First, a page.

If it cannot be clearly determined on presentation which of the two diseases is involved, the newly developed diagnostic tool will help to differentiate them. It involves a test which compares samples of diseased and healthy skin and is concluded within one day. The researchers have now filed a patent application for it.

The procedure, moreover, marks the first step towards the introduction of personalized medicine also for chronic inflammatory skin diseases. "Whereas this is practiced increasingly in oncology, for example in the form of mutation analyses and the subsequent decision in favor of the best individual treatment option, it is not common in the case of inflammatory skin diseases," says Kilian Eyerich of the Clinic and Polyclinic for Dermatology at the Technical University of Munich.

The researchers plan to purse this path with a view to characterizing even more precisely the involved in inflammatory and combining them with clinical information, such as the choice of certain treatments. In this way, their goal is to determine the best possible treatment option for each individual patient.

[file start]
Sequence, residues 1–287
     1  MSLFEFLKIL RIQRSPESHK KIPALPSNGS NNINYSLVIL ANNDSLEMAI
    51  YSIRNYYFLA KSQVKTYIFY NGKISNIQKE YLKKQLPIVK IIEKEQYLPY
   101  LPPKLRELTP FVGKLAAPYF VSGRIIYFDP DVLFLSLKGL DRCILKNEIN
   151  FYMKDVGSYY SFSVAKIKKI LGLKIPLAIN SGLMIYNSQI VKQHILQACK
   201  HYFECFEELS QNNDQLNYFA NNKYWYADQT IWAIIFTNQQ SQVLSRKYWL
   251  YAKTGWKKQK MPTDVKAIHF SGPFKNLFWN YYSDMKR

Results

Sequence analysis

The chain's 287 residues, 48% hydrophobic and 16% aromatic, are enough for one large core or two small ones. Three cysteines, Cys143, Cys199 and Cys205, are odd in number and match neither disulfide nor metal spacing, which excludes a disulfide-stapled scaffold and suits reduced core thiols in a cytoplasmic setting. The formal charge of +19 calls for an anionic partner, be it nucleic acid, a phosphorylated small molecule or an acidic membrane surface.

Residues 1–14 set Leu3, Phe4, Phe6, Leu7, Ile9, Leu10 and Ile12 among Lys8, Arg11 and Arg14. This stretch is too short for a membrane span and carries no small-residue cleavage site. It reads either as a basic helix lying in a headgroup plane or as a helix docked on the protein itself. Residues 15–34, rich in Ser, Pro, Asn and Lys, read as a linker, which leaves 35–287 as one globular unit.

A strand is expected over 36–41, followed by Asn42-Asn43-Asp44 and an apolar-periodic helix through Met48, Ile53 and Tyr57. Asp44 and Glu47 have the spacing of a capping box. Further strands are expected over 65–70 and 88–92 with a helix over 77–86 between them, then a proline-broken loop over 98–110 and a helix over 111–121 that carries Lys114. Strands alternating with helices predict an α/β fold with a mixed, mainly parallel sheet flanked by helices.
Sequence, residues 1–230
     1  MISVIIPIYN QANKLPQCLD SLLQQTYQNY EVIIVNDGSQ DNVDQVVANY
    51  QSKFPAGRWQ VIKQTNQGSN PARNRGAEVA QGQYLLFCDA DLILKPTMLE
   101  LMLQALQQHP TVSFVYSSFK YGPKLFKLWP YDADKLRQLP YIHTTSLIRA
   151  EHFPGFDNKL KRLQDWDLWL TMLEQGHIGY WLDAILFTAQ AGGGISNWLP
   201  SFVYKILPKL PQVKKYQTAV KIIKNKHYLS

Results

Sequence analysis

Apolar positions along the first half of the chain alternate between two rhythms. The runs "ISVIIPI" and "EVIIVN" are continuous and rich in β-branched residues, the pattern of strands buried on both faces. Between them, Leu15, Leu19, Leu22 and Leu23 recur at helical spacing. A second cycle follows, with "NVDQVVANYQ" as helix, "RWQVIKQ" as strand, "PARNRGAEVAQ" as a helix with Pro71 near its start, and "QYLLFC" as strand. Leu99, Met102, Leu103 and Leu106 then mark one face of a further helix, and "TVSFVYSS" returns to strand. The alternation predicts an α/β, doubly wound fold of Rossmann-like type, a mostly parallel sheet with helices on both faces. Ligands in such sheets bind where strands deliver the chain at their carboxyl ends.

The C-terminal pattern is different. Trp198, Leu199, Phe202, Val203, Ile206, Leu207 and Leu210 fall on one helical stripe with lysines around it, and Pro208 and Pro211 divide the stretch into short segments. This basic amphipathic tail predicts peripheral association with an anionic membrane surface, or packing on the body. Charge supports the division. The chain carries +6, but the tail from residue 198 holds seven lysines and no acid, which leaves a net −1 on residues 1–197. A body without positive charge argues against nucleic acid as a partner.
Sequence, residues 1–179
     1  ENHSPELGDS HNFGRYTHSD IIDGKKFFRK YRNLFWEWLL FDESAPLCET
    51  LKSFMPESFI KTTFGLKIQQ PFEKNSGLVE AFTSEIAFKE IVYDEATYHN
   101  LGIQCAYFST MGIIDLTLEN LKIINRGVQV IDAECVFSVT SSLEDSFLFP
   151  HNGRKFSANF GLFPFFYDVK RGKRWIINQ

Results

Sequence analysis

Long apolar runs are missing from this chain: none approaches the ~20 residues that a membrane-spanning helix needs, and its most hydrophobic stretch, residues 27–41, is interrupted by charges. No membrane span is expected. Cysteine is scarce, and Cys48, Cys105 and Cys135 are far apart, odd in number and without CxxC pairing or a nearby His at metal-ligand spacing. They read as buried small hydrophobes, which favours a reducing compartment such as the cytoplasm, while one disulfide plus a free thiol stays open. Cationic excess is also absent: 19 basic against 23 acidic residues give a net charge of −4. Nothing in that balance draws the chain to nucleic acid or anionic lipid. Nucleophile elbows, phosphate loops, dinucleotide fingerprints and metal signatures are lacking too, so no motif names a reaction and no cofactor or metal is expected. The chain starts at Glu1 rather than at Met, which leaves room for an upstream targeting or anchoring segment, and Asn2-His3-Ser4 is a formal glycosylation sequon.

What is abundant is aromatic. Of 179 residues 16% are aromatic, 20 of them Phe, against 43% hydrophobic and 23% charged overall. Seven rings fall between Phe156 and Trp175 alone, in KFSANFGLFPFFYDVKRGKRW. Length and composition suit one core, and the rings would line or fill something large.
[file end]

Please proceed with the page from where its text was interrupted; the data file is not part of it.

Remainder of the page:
Explore further: X-ray dark-field radiography provides detailed imaging of lung diseases

More information: Quaranta, M. et al, (2014), "Intra-individual genome expression analysis reveals a specific molecular signature of psoriasis and eczema," Sci Transl Med, 2014 July 9th; Vol. 6, Issue 244, p. 244ra90; Sci. Transl. Med. DOI: 10.1126

Related Stories

X-ray dark-field radiography provides detailed imaging of lung diseases

May 27, 2014
Scientists at the Helmholtz Zentrum München (HMGU) working in cooperation with the Ludwig-Maximilians-Universität Hospital (KUM) and the Technischen Universität München (TUM) tested for the first time X-ray dark-field ...

How the skin of patients with psoriasis protects itself from virus infections

October 2, 2013
Scientists at Charité – Universitätsmedizin Berlin have discovered why patients with psoriasis are less susceptible to viral infections than patients suffering from atopic dermatitis (atopic eczema). The reason for this ...

Stimulating a protein in skin cells could improve psoriasis symptoms

June 5, 2014